Occidental theologians have long regarded the human attitude of having an awe towards the mystical power of nature as 'Nature Worship'. Shinto, however, does not impersonate nor divinize nature itself, which is the physical existence that works according to its own system. Shinto considers that people feel awe to some natural elements which have especially great influence to human life, and worship their spirituality and pray for their blessing. In the case of animals, their spirits are called 'mono', a kind of spirit. Because they were considered sometimes to do mischief to human beings, people performed rites in order to console animal spirits. This faith is still observed nowadays. In medical faculties of some universities, for instance, Shinto or Buddhism rites are performed in order to console the spirits of animals which were killed for experimental purposes. There are another cases of performing a rite: to console the spirits of some tools which were made and utilized by men in everyday life such as needles, knives, shoes; or to purify buildings before inaugurating them including even nuclear power stations or factories of computer machines, wishing that all the labour works and productions involved in there would be done properly and safely. The same attitude is applied to Shinrei (or divine spirits). Since people worship divine spirits as they have great influences to their life, the spirit which brings evils to human beings called 'Magatsuhi Kami' is also awed as Kami. According to Shinto, Kami in general also gets angry and brings some misfortunes to people although Kami usually guards and blesses people. Accordingly, it is very important to practice the faith by performing rites for Kami.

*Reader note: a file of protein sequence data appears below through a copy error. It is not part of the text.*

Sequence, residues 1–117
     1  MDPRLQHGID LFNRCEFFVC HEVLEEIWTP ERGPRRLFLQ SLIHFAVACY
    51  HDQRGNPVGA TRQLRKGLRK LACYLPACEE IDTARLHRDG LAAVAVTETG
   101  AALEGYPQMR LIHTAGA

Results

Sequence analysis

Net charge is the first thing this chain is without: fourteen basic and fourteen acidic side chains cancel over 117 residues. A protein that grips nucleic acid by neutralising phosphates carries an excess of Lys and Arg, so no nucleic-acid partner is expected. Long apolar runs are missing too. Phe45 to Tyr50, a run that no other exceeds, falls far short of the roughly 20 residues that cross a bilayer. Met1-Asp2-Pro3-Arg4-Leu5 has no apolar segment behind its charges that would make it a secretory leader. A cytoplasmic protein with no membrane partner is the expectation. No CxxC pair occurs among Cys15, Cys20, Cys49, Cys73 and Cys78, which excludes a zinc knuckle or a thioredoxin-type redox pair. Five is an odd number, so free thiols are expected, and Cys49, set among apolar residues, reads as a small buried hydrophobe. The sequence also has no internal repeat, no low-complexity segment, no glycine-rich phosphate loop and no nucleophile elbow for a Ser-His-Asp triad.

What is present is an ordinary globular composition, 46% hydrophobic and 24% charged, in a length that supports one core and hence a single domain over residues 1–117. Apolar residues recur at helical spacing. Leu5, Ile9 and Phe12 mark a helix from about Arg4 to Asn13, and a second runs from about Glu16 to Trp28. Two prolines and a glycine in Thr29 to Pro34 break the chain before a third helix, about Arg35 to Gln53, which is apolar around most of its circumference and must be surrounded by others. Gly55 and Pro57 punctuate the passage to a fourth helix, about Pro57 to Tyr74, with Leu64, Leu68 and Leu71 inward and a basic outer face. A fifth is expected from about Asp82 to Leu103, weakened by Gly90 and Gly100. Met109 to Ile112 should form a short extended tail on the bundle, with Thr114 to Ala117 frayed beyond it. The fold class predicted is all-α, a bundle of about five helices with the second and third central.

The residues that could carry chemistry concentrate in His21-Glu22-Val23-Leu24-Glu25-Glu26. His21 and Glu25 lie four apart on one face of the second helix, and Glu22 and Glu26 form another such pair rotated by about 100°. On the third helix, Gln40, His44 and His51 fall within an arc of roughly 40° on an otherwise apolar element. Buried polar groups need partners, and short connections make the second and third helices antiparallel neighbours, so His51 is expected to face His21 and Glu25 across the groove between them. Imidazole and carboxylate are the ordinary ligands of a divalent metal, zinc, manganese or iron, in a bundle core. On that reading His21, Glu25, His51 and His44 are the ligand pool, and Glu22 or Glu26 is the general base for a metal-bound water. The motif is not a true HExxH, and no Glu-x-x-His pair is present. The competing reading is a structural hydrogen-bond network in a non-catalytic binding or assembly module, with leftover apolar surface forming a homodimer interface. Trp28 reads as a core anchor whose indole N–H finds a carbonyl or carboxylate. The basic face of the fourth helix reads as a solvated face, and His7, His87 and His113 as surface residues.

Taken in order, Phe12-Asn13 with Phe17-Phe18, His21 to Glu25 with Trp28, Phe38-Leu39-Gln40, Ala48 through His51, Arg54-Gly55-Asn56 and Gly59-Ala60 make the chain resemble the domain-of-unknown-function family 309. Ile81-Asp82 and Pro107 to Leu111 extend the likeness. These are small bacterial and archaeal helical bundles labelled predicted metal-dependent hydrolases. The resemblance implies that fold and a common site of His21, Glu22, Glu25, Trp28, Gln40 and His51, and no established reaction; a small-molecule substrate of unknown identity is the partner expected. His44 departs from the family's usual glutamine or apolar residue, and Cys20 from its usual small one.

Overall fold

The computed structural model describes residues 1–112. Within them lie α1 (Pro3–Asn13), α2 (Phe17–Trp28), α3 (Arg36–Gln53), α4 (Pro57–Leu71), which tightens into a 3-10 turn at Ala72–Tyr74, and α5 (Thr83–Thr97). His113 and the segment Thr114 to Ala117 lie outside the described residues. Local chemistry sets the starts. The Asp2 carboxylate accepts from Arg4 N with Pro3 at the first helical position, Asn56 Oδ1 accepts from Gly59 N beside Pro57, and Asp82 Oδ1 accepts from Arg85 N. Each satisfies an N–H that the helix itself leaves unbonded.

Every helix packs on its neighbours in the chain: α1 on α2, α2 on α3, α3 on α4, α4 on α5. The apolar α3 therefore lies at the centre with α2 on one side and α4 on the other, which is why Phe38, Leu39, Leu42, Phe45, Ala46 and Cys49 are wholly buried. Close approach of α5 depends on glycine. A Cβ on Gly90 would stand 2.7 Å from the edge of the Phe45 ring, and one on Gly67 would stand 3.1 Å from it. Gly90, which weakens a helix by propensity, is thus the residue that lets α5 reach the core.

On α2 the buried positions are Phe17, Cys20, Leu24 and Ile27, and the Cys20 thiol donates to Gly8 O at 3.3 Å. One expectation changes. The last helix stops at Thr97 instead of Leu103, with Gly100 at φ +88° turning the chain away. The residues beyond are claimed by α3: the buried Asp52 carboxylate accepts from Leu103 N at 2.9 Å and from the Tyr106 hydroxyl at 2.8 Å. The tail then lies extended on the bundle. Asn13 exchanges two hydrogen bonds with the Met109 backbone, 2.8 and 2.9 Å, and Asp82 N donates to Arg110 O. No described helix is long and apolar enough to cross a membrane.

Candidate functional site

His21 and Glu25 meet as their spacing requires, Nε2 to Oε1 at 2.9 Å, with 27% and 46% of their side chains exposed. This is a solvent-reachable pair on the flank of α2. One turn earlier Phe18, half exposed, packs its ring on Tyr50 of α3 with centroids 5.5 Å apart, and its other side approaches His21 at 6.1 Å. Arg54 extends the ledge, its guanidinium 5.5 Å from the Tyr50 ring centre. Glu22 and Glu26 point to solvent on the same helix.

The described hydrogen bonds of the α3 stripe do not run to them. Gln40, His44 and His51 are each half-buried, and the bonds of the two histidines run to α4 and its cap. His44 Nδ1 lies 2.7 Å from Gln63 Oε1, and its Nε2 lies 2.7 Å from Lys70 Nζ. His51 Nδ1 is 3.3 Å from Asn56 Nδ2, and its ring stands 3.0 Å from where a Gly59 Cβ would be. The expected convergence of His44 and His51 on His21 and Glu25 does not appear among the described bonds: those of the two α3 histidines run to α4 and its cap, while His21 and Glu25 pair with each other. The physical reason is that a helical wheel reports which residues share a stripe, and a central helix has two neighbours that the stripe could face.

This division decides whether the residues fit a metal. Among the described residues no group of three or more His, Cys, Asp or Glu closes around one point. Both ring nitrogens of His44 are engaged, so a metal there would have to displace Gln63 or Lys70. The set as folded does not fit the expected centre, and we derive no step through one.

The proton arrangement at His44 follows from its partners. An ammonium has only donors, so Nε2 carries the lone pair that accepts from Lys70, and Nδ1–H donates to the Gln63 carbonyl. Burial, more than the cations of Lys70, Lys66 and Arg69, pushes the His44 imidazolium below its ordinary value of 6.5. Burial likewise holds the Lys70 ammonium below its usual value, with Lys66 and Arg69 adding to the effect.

It is necessary to call attention to a fact that Shinto is polytheism in order to understand the concept of Kami. At the same time, it might be useful to shift the question of the Kami concept to the question of the Japanese value system, so that we could be able to avoid unnecessary misunderstanding. In the case of Monotheism, which worships one absolute god, it seems that the concept of the absolute truth is dominating. If there is any conflict between two people or groups, one of them is considered to be right and the other is wrong and untrue. On the other hand, polytheism which is based on pluralism does not consider the existence of the absolute truth, and accordingly there is distinctive difference between the two. If there are two things which contradict each other or cause a conflict between the two, both of them are wrong and right at the same time. Any quarrels or disputes are not judged by the one-value orientation. As the result, both sides will be punished equally. Also it can be said that people who believe the absolute truth tend to think that coexistence is possible only among those who share the same value. People who stand on the pluralism, on the other hand, consider that coexistence is possible even among those who have different opinions or ideas because each individual has a truth in its individuality, so they have to give tribute to each other. It is coexistence by harmony. Shinto based on the pluralism takes up the plural-value orientation, It can be said that Shinto - in this case, the Japanese had accepted foreign religions such as Buddhism, Confucianism and Yin-Yang thought, as the Japanese always have followed according to this plural-value orientation. In fact, the Shinto mythology does not mention about the omniscient and omnipotent Kami. Kami who gave birth to this land had failed at first, and they requested other Kami in heaven to show them the right way. Then, Kami in heaven responded that one may search the answer through practicing divination. Even the supreme Kami, Amaterasu Ohmikami, once failed at judging her brother's inner mind. In the case of Kami called Kuebiko who is believed to have an exceptionally great power, for example, he knows everything happening in the world, yet, he can not move even a step because he has no feet. Thus, according to Shinto, there is no Kami who has no defect.